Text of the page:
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- ISSN :
- 2070-8270 (en ligne)
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The International Transport Forum at the OECD is an intergovernmental organisation with 52 member countries. It acts as a strategic think tank for transport policy and organizes an annual summit of ministers. Our work is underpinned by economic research, statistics collection and policy analysis, often undertaken in collaboration with many of the world's leading research figures in academia, business and government. This series of Discussion Papers is intended to disseminate the International Transport Forum’s research findings rapidly among specialists in the field concerned.
Medium-term Oil Market Uncertainties
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- Lawrence Eagles1
- Author Affiliations
- 1: Agence Internationale de l'Energie, France
- 01 déc 2007
- Bibliographic information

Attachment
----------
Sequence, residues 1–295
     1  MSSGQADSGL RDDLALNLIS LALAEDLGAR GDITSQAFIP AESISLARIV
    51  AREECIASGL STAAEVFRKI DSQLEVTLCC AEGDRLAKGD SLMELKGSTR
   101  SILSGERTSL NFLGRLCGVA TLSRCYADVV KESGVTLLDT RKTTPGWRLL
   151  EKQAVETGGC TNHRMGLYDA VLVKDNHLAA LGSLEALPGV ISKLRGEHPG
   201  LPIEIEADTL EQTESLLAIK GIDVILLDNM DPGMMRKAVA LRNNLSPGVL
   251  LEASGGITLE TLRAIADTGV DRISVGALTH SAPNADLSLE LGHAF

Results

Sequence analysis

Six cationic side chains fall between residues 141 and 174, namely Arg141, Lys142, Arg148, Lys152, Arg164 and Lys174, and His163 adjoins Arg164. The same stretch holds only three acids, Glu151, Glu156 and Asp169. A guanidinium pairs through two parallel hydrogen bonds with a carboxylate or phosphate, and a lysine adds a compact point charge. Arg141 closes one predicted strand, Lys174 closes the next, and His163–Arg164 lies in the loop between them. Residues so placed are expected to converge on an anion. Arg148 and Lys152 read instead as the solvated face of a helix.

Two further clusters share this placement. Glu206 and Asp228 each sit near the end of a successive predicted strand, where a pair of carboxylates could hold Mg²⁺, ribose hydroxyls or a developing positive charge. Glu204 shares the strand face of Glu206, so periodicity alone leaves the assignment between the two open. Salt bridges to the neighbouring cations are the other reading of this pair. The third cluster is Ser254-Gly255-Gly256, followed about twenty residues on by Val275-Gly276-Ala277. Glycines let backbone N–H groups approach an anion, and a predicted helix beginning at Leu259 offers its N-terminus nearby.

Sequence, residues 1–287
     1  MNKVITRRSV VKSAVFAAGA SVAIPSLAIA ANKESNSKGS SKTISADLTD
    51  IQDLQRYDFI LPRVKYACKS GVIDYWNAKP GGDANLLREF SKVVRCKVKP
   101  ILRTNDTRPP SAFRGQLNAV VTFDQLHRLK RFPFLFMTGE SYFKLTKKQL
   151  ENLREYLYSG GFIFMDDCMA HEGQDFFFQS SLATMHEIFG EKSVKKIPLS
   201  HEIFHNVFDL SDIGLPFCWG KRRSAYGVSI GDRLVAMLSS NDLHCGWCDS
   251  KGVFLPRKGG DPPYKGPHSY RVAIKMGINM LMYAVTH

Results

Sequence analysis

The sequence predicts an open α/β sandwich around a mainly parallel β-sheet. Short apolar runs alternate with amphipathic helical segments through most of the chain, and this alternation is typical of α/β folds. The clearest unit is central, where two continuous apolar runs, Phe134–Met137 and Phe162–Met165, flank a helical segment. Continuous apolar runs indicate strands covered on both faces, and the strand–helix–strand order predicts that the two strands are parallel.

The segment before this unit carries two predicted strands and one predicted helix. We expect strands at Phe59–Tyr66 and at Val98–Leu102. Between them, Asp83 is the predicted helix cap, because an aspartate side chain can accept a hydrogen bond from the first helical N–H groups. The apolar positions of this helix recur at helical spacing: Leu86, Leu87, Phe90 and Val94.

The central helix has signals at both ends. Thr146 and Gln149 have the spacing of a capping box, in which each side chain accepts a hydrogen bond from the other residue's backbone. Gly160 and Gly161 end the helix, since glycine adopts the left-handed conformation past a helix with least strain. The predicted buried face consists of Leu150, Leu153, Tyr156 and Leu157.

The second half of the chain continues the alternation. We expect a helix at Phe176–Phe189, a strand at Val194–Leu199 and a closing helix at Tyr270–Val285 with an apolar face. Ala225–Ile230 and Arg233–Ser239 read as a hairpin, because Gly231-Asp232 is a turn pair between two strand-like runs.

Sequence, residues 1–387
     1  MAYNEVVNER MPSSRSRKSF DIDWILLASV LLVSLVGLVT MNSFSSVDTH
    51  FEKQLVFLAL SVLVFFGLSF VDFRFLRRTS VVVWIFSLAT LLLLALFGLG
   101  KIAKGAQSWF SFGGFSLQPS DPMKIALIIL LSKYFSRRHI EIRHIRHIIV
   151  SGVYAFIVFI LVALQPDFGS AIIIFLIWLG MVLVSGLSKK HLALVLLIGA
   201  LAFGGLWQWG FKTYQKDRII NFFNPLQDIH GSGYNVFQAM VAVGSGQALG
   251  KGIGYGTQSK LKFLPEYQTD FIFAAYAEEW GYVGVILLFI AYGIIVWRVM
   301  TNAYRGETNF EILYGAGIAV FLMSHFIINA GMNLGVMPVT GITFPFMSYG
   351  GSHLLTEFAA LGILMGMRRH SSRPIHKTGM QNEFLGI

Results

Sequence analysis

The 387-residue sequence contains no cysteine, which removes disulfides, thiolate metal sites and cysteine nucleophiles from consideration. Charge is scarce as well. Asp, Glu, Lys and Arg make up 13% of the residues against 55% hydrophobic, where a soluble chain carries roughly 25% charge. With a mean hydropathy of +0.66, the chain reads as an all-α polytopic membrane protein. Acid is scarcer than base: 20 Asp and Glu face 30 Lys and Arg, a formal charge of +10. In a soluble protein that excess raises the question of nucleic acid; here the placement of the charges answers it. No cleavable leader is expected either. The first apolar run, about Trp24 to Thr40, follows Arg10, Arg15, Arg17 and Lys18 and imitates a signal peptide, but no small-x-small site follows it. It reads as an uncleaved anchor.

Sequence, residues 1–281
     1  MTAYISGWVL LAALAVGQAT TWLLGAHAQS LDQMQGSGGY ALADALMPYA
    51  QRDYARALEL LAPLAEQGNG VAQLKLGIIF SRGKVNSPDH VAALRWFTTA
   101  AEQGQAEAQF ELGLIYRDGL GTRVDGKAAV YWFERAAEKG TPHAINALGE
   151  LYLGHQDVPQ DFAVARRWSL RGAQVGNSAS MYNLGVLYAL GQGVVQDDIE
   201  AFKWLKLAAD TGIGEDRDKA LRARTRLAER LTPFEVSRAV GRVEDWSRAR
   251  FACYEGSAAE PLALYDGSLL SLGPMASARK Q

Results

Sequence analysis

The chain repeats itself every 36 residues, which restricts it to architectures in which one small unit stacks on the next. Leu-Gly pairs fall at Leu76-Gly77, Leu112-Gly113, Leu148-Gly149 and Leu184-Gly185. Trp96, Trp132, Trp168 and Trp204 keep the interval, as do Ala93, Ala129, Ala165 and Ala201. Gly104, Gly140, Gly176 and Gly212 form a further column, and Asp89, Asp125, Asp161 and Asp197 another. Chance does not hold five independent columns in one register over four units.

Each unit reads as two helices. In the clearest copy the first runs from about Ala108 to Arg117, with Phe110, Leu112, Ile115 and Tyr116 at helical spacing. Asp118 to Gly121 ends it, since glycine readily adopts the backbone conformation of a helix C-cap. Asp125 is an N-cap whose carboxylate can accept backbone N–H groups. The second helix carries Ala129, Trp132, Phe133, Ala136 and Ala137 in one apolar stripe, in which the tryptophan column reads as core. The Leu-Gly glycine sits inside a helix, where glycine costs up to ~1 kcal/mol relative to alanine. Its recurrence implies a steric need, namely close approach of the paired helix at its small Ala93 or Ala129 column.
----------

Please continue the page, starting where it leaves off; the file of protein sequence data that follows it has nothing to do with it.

Our demand analysis is complemented by ‘bottom-up’ sectoral analysis, which focus on changes in end-user demand – for example, the impact of the switch from gasoline to diesel vehicles in Europe, the effects of the rapid expansion of petrochemical capacity in Asia and the Middle East, or the growing use of natural gas and coal for power generation in Europe. Although this approach provides a valuable comparison with the main ‘top-down’ assessment, its results must be interpreted with caution. For example, will there be sufficient feedstock supply (predominantly naphtha) to sustain China’s petrochemical expansion plans? Will this expansion result in a regional petrochemical surplus, leading to the closure of less efficient plants? Global demand is predominantly driven by two primary forces, price and income. If the assumptions underlying those variables are wrong, then the output of the model will be affected. Similarly, the robustness of the historical data underpinning the model is important. Finally, substitution issues can work in many ways, leading to additional modelling complications. Prices When constructing our medium-term forecasting model, a price assumption was one of the harder concepts to incorporate. The dynamics of the oil market have changed considerably over the past five years and we are unaware of any formal price model that predicted a rise in the oil price from $25 to $90/bbl over the past four years. The seemingly robust relationship between oil stocks in the OECD and prices appeared to break down, Additional inputs such as refining capacity, spare upstream capacity, investment flows, natural gas prices and the term structure changes between spot and forward prices have all had an impact.